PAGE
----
Dictionary: FLOS-FER-RI – FLOUR-ISH

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FLOS-FER-RI, n. [L. flower of iron.]

A mineral, a variety of arragonite, called by Jameson, after Haiiy, coralloidal arragonite. It occurs in little cylinders, sometimes diverging and ending in a point, and sometimes branched, like coral. Its structure is fibrous, and the surface, which is smooth, or garnished with little crystaline points, is often very white, with a silken luster. It takes this name from its being often found in cavities in veins of sparry iron. Cleaveland.

FLOSS, n.

A fluid glass floating on iron in the furnace, produced by the vitrification of oxyds and earths. Ure.

FLOSS, n. [L. flos.]

A downy or silky substance in the husks of certain plants. Tooke.

FLOS-SI-FI-CA'TION, n.

A flowering; expansion of flowers. [Novel.] Med. Repos.

FLOSS'-SILK, n.

Portions of raveled silk broken off in the filature of cocoons. It is carded and spun like cotton or wool. Ure.

FLO'TA, n. [Sp. See Fleet.]

A fleet; but appropriately a fleet of Spanish ships which formerly sailed every year from Cadiz to Vera Cruz, in Mexico, to transport to Spain the productions of Spanish America.

FLO'TAGE, n. [Fr. flottage.]

That which floats on the sea, or on rivers. [Little used.] Chambers.

FLO-TA'TION, n.

The act of floating.

FLOTE, v.t.

To skim. [Not used or local.] Tusser.

FLO-TIL'LA, n. [dim. of flota.]

A little fleet, or fleet of small vessels.

FLOT'SAM, or FLOT'SON, n. [from float.]

Goods lost by shipwreck, and floating on the sea. When such goods are cast on shore or found, the owner being unknown, they belong to the king. English Law. Blackstone.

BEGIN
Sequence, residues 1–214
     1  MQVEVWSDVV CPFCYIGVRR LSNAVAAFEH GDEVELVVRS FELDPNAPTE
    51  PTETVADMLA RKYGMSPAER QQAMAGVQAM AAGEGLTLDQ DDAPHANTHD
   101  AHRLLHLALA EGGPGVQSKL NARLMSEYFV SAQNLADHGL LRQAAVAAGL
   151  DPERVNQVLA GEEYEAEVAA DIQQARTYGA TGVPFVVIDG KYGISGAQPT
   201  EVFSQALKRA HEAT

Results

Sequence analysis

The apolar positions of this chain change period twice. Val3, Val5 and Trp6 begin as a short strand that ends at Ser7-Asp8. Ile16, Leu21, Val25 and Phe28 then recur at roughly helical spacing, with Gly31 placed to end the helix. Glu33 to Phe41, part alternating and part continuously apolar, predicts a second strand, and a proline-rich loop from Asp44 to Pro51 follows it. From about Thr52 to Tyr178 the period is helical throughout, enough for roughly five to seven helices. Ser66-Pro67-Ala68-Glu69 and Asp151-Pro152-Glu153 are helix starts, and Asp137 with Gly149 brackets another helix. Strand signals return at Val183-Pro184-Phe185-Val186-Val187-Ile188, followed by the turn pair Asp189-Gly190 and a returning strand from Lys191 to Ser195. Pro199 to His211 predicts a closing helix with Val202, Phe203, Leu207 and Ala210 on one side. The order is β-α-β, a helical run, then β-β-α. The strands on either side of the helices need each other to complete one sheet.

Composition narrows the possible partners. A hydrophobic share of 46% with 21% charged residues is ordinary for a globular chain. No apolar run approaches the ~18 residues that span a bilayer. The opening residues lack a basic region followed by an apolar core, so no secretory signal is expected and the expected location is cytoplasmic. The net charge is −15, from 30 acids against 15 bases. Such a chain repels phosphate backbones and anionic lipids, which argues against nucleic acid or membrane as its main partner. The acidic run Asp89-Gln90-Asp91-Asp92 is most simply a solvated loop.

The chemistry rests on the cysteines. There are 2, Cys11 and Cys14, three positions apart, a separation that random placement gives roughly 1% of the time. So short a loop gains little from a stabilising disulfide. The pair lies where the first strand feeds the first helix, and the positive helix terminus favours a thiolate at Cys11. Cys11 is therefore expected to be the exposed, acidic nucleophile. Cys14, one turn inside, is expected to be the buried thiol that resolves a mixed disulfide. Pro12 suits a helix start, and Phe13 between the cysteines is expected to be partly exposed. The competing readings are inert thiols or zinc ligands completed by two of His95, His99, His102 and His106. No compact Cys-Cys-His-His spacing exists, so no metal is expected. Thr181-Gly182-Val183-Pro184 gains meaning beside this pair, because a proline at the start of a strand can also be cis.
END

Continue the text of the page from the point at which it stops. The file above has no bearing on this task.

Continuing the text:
FLOT'TEN, pp.

Skimmed. [Not in use.]

FLOUNCE, n.

A narrow piece of cloth sewed to a petticoat, frock or gown, with the lower border loose and spreading. The present is the age of flounces. 1827.

FLOUNCE, v.i. [flouns; D. plonssen. See Flounder.]

  1. To throw the limbs and body one way and the other; to spring, turn or twist with sudden effort or violence; to struggle as a horse in mire. You neither fume, nor fret, nor flounce. Swift.
  2. To move with jerks or agitation.

FLOUNCE, v.t.

To deck with a flounce; as, to flounce a petticoat or frock. Pope.

FLOUN'CED, pp.

Decked with a flounce.

FLOUN'CING, ppr.

Decking with a flounce.

FLOUN'DER, n. [Sw. flundra; G. fl├╝nder.]

A flat fish of the genus Pleuronectes.

FLOUN'DER, v.i. [This seems to be allied to flaunt and flounce.]

To fling the limbs and body, as in making efforts to move; to struggle as a horse in the mire; to roll, toss and tumble. Pope.

FLOUN'DER-ING, ppr.

Making irregular motions; struggling with violence.

FLOUR, n. [originally flower; Fr. fleur; Sp. flor; It. fiore; L. flos, floris, from floreo, to flourish.]

The edible part of corn; meal. Johnson. In the United States, the modern practice is to make a distinction between flour and meal; the word flour being more usually applied to the finer part of meal, separated from the bran, as wheat flour, rye flour. This is a just and useful distinction.

FLOUR, v.t. [Sp. florear.]

  1. To grind and bolt; to convert into flour. Wheat used formerly to be sent to market; but now great quantities of it are floured in the interior cotunry.
  2. To sprinkle with flour.

FLOUR'ED, pp.

Converted into flour; sprinkled with flour.

FLOUR'ING, ppr.

Converting into flour; sprinkling with flour.

FLOUR-ISH, n. [flur'ish.]

  1. Beauty; showy splendor. The flourish of his sober youth. Crashaw.
  2. Ostentatious embellishment; ambitious copiousness or amplification; parade of words and figures; show; as, a flourish of rhetoric; a flourish of wit. He lards with flourishes his long harangue. Dryden.
  3. Figures formed by bold, irregular lines, or fanciful strokes of the pen or graver; as the flourishes about a great letter. More.
  4. A brandishing; the waving of a weapon or other thing; as, the flourish of a sword.